The project has achieved almost all objectives: more than 200 people received general awareness training; 245 received basic training on cultivation and processing while 20 people received advanced training on cultivation and harvesting techniques, processing, and marketing. Ten out of the 20 participants who received advance training were representatives of the government and NGOs. In addition, senior officials from the government and experts from NGOs participated in the training and workshops and delivered lectures and presentations. These interactions, particularly those between the community representatives and government officials, resulted in community empowerment. For instance, the community found that there is no ban on collection and marketing of most herbaceous MAPs. Further, they learned that they can cultivate and market a number of high-valued herbaceous MAPs that are currently in demand in the market. Through training, awareness raising activities, field demonstrations, and exposure visits the capacity of people in MAP development has been increased and linkages with government institutions and the market have been developed. Ten activists belonging to different villages of Swat District are now Master Trainers (MT) after receiving training and participating in exposure visits. These MTs are now local resource persons on MAPs and can contribute to development of MAPs and capacity building of other interested communities in Swat District. Awareness raising, better linkages between the government institutions and the communities, and cultivation of alternate species are expected to decrease reliance on harvesting of endangered species for cash income.

Provision of general awareness on MAPs to over 200 individuals has resulted in a spin-off effect in the entire target community, and a greater knowledge on the importance of MAPs. The 10-day training and workshop brought together the key stakeholders from the project area, creating linkages and increased understanding between key stakeholders about the environmental and economic importance of MAPs. The workshop was also helpful for these stakeholders in knowledge sharing and discussing other possible collaborative efforts in relation to MAP development in Swat District. The posters and booklets printed and disseminated toward the end of the project further highlight the importance of conservation and the need for collaborative efforts to ensure the long-term sustainable socioeconomic benefits of MAPs in Swat District.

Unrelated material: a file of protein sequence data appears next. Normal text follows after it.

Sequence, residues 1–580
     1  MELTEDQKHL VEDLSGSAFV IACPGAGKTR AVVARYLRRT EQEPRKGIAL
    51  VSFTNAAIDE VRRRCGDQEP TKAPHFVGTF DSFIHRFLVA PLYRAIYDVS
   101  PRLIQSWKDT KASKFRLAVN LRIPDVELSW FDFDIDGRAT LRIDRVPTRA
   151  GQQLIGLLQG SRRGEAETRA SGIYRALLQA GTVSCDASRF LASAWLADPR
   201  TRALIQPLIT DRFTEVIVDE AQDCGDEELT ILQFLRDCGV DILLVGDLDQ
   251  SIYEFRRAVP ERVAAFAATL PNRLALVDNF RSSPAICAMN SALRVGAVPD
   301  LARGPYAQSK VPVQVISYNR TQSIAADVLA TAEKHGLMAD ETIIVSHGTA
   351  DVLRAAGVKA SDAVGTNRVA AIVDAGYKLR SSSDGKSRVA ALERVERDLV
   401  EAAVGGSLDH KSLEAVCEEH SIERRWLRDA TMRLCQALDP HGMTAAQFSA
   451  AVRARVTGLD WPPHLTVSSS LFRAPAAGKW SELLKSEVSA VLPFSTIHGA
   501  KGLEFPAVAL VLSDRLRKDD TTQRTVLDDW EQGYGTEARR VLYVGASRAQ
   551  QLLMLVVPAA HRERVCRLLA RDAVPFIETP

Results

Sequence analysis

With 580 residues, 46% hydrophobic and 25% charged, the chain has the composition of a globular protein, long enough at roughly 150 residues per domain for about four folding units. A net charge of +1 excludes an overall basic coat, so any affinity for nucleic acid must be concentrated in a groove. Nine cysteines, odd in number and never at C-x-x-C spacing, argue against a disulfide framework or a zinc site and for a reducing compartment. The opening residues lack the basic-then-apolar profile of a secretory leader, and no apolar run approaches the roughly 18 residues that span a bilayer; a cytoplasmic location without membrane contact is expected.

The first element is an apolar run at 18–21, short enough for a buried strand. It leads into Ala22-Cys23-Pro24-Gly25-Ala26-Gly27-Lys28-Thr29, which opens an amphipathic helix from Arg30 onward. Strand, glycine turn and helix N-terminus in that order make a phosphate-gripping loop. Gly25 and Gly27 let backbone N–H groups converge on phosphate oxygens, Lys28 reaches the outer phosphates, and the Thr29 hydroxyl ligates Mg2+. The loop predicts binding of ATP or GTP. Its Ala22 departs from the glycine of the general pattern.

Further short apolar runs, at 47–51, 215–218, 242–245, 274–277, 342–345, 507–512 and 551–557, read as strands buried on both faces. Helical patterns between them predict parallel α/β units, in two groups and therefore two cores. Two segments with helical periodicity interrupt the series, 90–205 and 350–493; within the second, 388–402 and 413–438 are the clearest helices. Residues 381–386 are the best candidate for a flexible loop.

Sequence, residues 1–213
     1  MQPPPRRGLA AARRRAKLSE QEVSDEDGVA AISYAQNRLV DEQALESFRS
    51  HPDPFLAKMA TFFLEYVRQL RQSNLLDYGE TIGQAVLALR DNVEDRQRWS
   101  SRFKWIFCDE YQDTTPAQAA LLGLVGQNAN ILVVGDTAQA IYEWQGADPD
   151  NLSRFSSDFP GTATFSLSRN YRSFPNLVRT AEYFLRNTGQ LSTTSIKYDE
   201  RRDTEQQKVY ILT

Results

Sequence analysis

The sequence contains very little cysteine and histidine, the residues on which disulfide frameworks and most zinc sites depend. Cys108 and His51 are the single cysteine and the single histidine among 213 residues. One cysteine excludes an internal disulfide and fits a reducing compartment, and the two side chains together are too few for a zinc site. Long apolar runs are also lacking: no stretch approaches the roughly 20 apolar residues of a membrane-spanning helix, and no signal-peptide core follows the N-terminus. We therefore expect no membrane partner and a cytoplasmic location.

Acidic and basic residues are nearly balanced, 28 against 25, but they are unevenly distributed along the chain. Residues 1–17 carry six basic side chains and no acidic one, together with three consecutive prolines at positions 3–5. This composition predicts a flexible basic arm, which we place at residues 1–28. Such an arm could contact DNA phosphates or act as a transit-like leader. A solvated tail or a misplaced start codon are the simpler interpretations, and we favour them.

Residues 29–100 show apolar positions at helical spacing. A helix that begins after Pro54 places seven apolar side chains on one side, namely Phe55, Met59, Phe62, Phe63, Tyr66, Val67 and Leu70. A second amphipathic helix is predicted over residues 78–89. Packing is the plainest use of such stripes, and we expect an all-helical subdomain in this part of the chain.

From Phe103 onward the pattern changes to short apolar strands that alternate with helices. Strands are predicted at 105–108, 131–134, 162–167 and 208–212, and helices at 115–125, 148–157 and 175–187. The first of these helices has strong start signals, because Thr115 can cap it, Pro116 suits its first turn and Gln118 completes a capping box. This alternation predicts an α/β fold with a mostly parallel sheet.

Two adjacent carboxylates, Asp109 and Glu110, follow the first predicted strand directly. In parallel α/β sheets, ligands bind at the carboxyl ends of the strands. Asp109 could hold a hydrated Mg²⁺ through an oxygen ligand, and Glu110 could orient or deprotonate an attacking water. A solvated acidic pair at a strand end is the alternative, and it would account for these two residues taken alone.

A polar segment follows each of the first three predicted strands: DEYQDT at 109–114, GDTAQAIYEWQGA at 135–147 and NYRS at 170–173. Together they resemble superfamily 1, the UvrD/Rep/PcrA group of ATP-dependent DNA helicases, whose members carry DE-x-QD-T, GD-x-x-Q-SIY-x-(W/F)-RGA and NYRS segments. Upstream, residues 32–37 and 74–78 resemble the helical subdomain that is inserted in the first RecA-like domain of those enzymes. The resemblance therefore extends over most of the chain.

In addition to the key achievements during the implementation of this project, we believe that the communities need to be further empowered for sustainable utilization of MAPs for income generation. This can be achieved through greater interaction of the government institutions and community and increased awareness and clarity on MAP-related regulations. Moreover, market surveys on demand and supply of the raw material and its availability in Swat District are crucial for quantifying the sustainability of MAP development.

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Hassan Sher, Rainer W. Bussmann, and Robbie Hart "Promoting Sustainable Use of Medicinal and Aromatic Plants for Livelihood Improvement and Biodiversity Conservation under Global Climate Change, through Capacity Building in the Himalaya Mountains, Swat District, Pakistan," Annals of the Missouri Botanical Garden 102(2), 309-315, (1 August 2017).
Published: 1 August 2017
capacity building
local community
medicinal and aromatic plants
subsistence livelihoods